• John B. Morgen

    As I said this before, the Philippines really needs to modernize its military; especially, its navy. The navy should scrap any old warships, and replace them with much newer hulls. Furthermore, the United States could provide additional military assistance; for example, build air fields on these islands and other structures.

    • FedUpWithWelfareStates

      Why should we build THEIR airfields? The Philippines has NOT been a trustworthy Allie…

      • John B. Morgen

        I believe they are changing their tone towards the United States, and we need them, including their little islands. To act as forward bases to enhance the concept of freedom of maritime navigation in the South China Sea.
        As for building airfields, I think we would be able to use them for our aircraft, besides their aircraft. The world is changing, and what happen during the last century, stays in that century. We are going to need many allies as possible to stop China’s expressionism in the South China Sea; including Vietnam–our old enemy.

  • publius_maximus_III

    So, a UN decision to make a decision. Earth shattering. No doubt the PLAN will sit up and take notice now…

    • FedUpWithWelfareStates

      Exactly! Premature celebration & even if it was ruled in their favor eventually, good luck trying to get China to abandon them. The Philippines should focus on governing their mainland & stop having visions of being a country that they are not…

      • Just The Facts

        Once the decision is made that China violated Vietnamese sovereign rights, then sanctions and damage awards begin to muck up the works.

    • USNVO

      It is a positive sign as it is the first time the UN, teethless as it is, has actually agreed to take a case where only one side complained. The Phillipines has an additional case pending for a clarification of Scarborough Reef. If, as expected, the UNLOS tribunal indicates it’s a reef as reality dictates, then it will not confer either a territorial sea or a EEZ, totally torpedoing China’s case. Of course, China doesn’t agree with that one either but is treaty bound to accept it. The Phillipines clearly has some good lawyers on its side.

  • Russ Neal

    The American people do not want our military all over the world maintaining peace and restraining the aggression of other powers like China. They want that money devoted to welfare programs. China has taken our measure and decided we will not react to their salami slicing strategy. Soon the facts on the ground will establish the South China Seas as de facto Chinese territorial waters.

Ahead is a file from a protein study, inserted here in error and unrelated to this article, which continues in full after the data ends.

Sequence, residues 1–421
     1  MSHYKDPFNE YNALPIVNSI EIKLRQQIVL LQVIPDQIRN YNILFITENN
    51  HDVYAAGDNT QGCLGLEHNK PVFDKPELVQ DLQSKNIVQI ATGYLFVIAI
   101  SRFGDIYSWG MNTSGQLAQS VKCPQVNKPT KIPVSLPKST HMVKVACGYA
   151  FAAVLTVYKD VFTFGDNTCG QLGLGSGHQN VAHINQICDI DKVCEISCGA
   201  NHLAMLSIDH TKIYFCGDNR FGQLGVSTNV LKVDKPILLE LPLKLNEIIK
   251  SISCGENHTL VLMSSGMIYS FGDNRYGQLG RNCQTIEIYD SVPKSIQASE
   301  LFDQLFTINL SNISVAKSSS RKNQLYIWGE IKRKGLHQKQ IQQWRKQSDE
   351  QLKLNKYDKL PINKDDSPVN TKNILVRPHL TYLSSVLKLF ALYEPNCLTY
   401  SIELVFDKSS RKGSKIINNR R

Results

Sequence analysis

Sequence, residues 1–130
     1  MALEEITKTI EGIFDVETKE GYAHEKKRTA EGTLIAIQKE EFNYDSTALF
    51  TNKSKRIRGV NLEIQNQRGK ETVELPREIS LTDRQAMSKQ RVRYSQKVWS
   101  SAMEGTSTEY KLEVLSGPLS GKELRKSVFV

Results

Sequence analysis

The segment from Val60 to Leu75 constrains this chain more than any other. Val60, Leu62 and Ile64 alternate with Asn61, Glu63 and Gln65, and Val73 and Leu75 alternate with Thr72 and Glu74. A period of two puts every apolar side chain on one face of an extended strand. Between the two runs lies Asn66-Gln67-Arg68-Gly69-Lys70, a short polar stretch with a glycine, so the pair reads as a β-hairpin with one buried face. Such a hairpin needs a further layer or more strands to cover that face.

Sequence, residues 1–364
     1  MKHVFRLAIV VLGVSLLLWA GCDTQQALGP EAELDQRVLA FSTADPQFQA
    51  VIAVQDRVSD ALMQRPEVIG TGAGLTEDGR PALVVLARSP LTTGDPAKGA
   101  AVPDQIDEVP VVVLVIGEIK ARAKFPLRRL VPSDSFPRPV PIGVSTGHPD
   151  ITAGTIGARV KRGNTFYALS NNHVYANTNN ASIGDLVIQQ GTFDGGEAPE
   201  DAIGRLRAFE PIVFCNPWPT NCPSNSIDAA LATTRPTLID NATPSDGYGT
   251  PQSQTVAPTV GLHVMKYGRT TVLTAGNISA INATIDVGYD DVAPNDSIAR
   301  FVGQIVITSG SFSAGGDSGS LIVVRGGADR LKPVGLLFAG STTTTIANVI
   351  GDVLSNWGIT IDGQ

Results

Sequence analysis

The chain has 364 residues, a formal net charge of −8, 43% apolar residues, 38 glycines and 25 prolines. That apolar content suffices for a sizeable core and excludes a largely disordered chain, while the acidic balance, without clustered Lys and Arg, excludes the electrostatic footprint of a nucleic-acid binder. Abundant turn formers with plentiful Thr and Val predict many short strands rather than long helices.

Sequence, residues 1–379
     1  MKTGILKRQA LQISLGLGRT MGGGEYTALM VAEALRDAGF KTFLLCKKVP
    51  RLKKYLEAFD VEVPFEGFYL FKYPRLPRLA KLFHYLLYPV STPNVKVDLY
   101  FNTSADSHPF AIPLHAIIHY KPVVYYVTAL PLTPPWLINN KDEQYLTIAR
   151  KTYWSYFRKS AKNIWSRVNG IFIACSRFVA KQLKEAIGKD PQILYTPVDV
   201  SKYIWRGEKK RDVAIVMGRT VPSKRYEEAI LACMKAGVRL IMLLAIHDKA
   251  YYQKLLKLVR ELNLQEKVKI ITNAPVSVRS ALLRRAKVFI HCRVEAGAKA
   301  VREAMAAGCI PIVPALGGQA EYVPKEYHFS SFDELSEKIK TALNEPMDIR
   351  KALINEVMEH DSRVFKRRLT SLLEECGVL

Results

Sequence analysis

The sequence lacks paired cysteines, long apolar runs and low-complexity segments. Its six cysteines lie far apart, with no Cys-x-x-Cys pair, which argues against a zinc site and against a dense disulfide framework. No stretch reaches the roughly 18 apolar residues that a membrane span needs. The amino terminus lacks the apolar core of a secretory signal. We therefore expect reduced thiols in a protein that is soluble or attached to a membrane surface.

• muzzleloader

      You DO NOT speak for this American pal, nor for any American I associate with !

    • John B. Morgen

      You are a pure isolationist, and also someone that Prime Minister Chamberlain would be proud—you Russ Neal..

    • SaltyDog

      I don’t think Russ is advocating for socialism over military programs; I think he’s just looking at the headlines. The ACA, Bailouts, $15 minimum wage….we (the collective we) continue to elect the people who enact these programs which can be labeled as socialist in nature. By that measure, it would appear that in fact, the American people want “stuff” instead of substance.
      Russ – am I wrong here?

      • Russ Neal

        You are right.

    • John B. Morgen

      That is what world history would call it—appeasement…..

    • Pandathebully

      I think not the whole American people in general but Americans with Chinese background like you.

  • sferrin

    Oh look. We’re getting ready to think about deciding if we want to fire off a harsh memo.

  • disqus_zommBwspv9

    Like the Chinese are going to listen to the UN Will Vietnam, Philippines, and Japan will take a aggressive stance?

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  • Hugh

    The Chinese continue to harden their position. Shades of Germany 1939 and Japan 1941.

    Not long after the US sailed a destroyer through what China considers its sovereign territory in the South China Sea, official organs of the Communist Party of China punched back. An editorial in China’s Global Times opined that, ‘In [the] face of the US harassment, Beijing should deal with Washington tactfully and prepare for the worst. This can convince the White House that China, despite its unwillingness, is not frightened to fight a war with the US in the region, and is determined to safeguard its national interests and dignity.’

  • John B. Morgen

    China is using the old Soviet Union paradigm of establishing buffer states or zones of security control; something like the Warsaw Pact. China is not only establishing buffer zones for political-military control, but also economic zones as well. Such an enterprise is requiring the PLAN to broaden its [Blue-Water Fleet], just not to remove away the lesser powers, but also intimidate and prohibit any attempts from the United States might make against China’s expansionism. It is quite similar policy that Hitler had in mind when the Z-Plan was drawn up for Germany’s massive naval build-up; it was also meant to forced Great Britain to joined Germany’s war against the Soviet Union.For this paradigm, China wants a free hand, and the only hand in the South China Sea.